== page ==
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Title: Ion exchange and adsorption processes in regions of estuarine mixing
Author: Bryant, R.
Awarding Body: University College of Swansea
Current Institution: Swansea University
Date of Award: 1981
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The adsorption behaviour of dissolved zinc and cadmium present in River Tawe freshwater in the presence of added clay mineral and naturally occurring suspended seawater particles was monitored using differential pulse polarography and differential pulse anodic stripping voltammetry. Zinc and cadmium were both found to be rapidly adsorbed on to suspended particles added to membrane filtered freshwater. Duplication of these experiments using Swansea Bay seawater and sodium chloride solution (3.2% w spiked with ionic zinc and cadmium) revealed an overall reduction in the extent of zinc adsorption and no cadmium adsorption, in comparison with the freshwater experiments. Mixing experiments where freshwater possessing a high trace metal content and low suspended load (natural particles or the clay mineral illite) demonstrated non-conservative behaviour with addition for cadmium over the time scale of an 8-10 hour mixing experiment. The scatter of data produced by the mixing experiments, with respect to zinc, is quite large and offers only a qualitative rather than a quantitative measure of non-conservatism with zinc removal. The additions of calcium and magnesium ions (to freshwater suspensions containing adsorbed zinc, in quantities to produce concentrations of these ions equivalent to those found in seawater), did not initiate any desorption of zinc within 3-4 hours. The reaction is thought to proceed via a mechanism possessing an irreversible step whereby the adsorption of zinc becomes specific rather than simply electrostatic. Some adsorbed cadmium (12-40%) is released into solution when particulate bearing freshwater is rendered saline. The formation of a monochlorocadmium complex in seawater may contribute to drive the equilibrium of cadmium away from the adsorbed state. The standard addition of lead to water samples was found useful for the estimation of the complexing capacity of freshwater and seawater (with respect to non-labile complex dissociation). L3 camination of lead at naturally occurring concentrations was hampered by contamination and sample interactions with borosilicate glassware.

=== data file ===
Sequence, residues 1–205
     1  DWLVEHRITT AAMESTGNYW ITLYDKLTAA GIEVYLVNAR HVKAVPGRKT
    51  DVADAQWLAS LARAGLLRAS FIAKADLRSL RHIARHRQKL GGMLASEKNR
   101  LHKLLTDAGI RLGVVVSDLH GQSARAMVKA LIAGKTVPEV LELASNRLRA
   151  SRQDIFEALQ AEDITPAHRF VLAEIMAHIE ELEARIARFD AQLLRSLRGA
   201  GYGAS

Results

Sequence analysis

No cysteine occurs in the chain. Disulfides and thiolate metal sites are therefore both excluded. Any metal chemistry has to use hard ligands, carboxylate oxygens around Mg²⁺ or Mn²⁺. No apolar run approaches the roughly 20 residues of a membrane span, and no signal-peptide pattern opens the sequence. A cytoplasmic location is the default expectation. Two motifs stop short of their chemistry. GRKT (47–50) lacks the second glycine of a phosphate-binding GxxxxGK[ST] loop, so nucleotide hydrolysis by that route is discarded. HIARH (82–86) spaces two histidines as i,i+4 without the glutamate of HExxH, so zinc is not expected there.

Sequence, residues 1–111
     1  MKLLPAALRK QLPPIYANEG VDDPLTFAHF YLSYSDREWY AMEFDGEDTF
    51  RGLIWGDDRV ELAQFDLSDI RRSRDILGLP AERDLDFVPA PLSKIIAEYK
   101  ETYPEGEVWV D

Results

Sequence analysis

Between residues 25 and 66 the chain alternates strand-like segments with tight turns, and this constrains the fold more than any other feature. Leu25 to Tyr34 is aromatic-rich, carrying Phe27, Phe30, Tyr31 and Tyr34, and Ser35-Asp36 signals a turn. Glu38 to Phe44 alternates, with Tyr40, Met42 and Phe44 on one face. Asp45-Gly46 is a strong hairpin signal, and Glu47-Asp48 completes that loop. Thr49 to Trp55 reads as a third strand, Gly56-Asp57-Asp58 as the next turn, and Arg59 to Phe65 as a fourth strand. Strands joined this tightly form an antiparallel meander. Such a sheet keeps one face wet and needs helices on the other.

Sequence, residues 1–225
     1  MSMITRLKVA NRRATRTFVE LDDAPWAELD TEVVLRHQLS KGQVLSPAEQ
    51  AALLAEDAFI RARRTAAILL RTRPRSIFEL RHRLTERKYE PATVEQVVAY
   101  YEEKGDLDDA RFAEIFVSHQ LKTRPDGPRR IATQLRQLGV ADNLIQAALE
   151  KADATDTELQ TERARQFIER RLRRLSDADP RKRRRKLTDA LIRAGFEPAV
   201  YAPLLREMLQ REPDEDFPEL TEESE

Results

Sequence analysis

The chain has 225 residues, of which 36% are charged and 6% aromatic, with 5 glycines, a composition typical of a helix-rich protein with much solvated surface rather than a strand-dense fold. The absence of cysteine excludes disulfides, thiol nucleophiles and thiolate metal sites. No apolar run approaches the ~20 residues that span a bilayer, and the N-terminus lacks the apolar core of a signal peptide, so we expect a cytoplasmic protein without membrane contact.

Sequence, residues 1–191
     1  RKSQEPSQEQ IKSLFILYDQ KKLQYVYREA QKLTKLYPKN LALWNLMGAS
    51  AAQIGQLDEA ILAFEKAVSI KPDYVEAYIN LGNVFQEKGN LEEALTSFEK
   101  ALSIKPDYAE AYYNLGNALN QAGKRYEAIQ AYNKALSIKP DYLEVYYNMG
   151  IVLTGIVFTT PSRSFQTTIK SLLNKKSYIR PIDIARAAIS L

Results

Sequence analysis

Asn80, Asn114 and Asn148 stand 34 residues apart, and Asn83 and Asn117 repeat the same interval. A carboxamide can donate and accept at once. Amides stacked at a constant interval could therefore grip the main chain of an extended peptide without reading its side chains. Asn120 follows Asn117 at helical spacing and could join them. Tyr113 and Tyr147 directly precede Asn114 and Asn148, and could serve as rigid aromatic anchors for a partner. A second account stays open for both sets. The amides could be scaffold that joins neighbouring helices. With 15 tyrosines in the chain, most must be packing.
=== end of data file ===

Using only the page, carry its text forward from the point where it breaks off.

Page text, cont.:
Supervisor: Not available Sponsor: Not available
Qualification Name: Thesis (Ph.D.) Qualification Level: Doctoral
EThOS ID:  DOI: Not available